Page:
Social media had precedent in 17th century

The Charlotte Observer
Lake Norman Magazine (University City News)
Friday, February 07, 2014

Allison Stedman wrote a book to answer a question she’d had since writing a thesis for her first master’s degree in comparative literature at Dartmouth College in 1997: What do these hybrid texts written within stories in French rococo literature represent?

Stedman is associate chairwoman of the Department of Languages and Culture Studies at UNC Charlotte. Her book is titled “Rococo Fiction in France, 1600-1715: Seditious Fiction.”

Hybrid texts are poems, short stories and letters written within a story. After 20 years of interest, Stedman discovered the reason these incorporated forms of experimental writing existed was to celebrate being different.

The absolute control of the monarchy during King Louis XIV’s reign set rules for all political, cultural and social engagements, including the written word.

“The rococo fiction created a social network rebelling against him,” she said. The texts defy social roles, creating an inclusive atmosphere much the same as we see in today’s social media, she said.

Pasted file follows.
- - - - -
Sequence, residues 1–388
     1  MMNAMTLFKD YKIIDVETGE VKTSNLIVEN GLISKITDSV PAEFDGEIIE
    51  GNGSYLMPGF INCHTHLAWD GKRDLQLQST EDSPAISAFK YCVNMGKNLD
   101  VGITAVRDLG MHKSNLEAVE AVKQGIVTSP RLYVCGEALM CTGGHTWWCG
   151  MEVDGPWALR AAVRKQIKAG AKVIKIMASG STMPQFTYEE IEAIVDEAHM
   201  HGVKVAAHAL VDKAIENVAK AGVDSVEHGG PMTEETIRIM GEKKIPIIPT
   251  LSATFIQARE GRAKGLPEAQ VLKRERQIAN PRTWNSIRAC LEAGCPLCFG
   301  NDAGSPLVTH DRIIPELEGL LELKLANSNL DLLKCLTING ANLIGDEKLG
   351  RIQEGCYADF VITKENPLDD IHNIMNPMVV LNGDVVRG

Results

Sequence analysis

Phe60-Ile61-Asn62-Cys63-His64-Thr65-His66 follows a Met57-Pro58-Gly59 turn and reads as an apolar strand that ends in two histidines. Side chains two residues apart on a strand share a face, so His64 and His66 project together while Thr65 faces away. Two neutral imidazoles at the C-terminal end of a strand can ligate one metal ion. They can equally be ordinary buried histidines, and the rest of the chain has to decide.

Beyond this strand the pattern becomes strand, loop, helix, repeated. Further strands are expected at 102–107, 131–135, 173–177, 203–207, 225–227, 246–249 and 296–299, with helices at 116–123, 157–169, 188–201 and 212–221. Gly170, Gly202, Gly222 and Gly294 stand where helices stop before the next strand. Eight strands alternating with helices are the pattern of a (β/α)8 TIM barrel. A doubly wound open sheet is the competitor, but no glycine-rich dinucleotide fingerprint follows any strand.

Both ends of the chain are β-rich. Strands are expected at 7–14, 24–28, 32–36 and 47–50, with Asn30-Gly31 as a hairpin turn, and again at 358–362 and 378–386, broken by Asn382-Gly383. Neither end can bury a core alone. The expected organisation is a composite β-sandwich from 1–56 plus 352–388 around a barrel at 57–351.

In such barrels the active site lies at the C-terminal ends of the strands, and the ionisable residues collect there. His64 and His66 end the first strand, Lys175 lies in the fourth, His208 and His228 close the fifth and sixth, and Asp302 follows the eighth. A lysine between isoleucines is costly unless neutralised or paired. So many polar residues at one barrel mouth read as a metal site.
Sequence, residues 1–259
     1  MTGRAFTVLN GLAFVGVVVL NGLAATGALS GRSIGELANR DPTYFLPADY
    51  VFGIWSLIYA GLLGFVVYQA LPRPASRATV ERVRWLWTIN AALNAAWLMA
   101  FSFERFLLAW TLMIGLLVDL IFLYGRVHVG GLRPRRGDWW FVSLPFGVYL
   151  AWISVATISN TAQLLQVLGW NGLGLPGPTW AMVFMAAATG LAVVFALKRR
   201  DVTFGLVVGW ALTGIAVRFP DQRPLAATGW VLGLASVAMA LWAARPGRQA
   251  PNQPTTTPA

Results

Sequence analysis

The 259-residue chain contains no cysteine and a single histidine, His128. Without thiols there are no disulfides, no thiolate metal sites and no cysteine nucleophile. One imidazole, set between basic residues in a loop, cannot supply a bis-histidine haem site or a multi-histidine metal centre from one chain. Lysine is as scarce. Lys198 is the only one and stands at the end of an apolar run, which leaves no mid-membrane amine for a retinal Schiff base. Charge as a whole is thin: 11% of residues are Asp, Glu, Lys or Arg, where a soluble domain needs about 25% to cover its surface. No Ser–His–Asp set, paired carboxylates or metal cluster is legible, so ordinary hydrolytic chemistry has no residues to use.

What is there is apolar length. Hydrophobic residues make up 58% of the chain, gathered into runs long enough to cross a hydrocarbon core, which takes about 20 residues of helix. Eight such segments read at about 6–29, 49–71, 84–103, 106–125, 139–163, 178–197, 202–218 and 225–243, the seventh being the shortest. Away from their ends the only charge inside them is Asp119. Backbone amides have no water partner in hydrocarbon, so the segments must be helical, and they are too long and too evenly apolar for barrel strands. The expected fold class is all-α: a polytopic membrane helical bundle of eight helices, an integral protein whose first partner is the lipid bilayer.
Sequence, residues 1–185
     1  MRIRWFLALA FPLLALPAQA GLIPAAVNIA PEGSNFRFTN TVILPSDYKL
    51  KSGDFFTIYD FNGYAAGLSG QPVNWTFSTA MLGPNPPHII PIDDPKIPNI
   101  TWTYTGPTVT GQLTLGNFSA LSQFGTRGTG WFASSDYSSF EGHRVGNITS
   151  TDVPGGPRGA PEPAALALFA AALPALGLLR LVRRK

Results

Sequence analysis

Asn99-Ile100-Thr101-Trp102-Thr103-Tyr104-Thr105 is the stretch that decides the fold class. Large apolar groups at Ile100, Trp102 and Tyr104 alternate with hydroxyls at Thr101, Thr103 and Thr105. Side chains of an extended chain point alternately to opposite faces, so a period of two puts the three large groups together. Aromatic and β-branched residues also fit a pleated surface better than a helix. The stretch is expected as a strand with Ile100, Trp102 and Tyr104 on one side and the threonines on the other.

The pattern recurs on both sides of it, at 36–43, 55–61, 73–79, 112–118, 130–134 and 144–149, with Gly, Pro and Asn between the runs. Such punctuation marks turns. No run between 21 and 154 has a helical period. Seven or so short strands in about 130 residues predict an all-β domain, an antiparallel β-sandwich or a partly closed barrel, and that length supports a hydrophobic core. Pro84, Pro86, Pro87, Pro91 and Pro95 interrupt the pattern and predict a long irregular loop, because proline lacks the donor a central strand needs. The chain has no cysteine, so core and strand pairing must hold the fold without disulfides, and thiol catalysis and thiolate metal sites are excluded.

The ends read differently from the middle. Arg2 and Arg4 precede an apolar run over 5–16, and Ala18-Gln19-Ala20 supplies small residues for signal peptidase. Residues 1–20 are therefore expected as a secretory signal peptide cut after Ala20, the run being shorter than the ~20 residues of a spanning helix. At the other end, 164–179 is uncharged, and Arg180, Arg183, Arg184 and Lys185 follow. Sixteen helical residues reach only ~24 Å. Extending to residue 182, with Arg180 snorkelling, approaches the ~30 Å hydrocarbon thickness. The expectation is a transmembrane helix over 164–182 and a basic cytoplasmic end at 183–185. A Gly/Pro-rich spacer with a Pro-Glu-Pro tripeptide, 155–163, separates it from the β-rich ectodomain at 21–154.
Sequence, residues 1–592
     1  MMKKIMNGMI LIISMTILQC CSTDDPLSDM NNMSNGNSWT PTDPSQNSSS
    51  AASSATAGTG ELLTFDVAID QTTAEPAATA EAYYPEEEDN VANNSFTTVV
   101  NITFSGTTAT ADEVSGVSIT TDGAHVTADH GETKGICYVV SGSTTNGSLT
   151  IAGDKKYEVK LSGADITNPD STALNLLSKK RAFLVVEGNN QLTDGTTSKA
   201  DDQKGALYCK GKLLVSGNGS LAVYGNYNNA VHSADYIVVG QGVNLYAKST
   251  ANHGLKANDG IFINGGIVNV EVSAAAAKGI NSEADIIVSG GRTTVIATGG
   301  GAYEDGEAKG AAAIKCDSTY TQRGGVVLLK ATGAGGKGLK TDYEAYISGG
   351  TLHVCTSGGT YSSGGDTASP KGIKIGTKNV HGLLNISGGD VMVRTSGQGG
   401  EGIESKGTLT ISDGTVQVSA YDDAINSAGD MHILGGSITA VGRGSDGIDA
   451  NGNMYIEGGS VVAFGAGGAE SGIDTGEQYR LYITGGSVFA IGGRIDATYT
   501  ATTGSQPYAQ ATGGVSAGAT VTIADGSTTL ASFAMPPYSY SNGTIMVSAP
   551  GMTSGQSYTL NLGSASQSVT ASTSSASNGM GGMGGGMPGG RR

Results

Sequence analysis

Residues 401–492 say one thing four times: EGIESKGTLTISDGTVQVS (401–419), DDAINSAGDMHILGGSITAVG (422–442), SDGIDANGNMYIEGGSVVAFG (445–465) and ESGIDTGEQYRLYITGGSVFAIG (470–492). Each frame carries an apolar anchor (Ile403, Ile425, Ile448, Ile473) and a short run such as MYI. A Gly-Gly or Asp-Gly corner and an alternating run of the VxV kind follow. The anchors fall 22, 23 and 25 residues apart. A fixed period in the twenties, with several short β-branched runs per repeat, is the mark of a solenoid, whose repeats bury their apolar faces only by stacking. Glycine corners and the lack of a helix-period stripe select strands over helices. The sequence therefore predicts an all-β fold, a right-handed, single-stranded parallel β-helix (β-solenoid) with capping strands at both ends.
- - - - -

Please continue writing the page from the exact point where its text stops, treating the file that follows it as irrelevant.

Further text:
Stedman, who has published three books, said rococo authors encouraged everyone to become writers and gave them the platform to do so. She compared it to blogging today.

“This experimental literature created a culture of people who were interested in being different, inspiring one another to bring out their unique voice.”

She went on to explain how rococo fiction caused a shift in perception, which helped give rise to the French Revolution and can even be credited with influencing the spirit of democracy we experience today.

Stedman will explain more about hybrid texts at UNCC’s next “Personally Speaking” talk, 6:30-8:30 p.m. Feb. 13 at the J. Murrey Atkins Library. The event is open to the public, but registration is required.

Nancy A. Gutierrez, dean of UNCC’s College of Liberal Arts and Sciences, said the “Personally Speaking” series – now in its fourth year – was created by college’s advisory council in partnership with the library to bring community awareness to the “cutting-edge work our faculty do.”

“The idea was that we would not be afraid to have faculty talk on topics that might not necessarily be topical or popular,” Gutierrez said.

Stedman, who lives with her husband and two children off Harrisburg Road at the Preserve at Kinsley Lakes, said she looks forward to talking to the public about her research and explaining the unconventional nature of her line of work.

“The better you can understand the past, the better you can do today,” she said.

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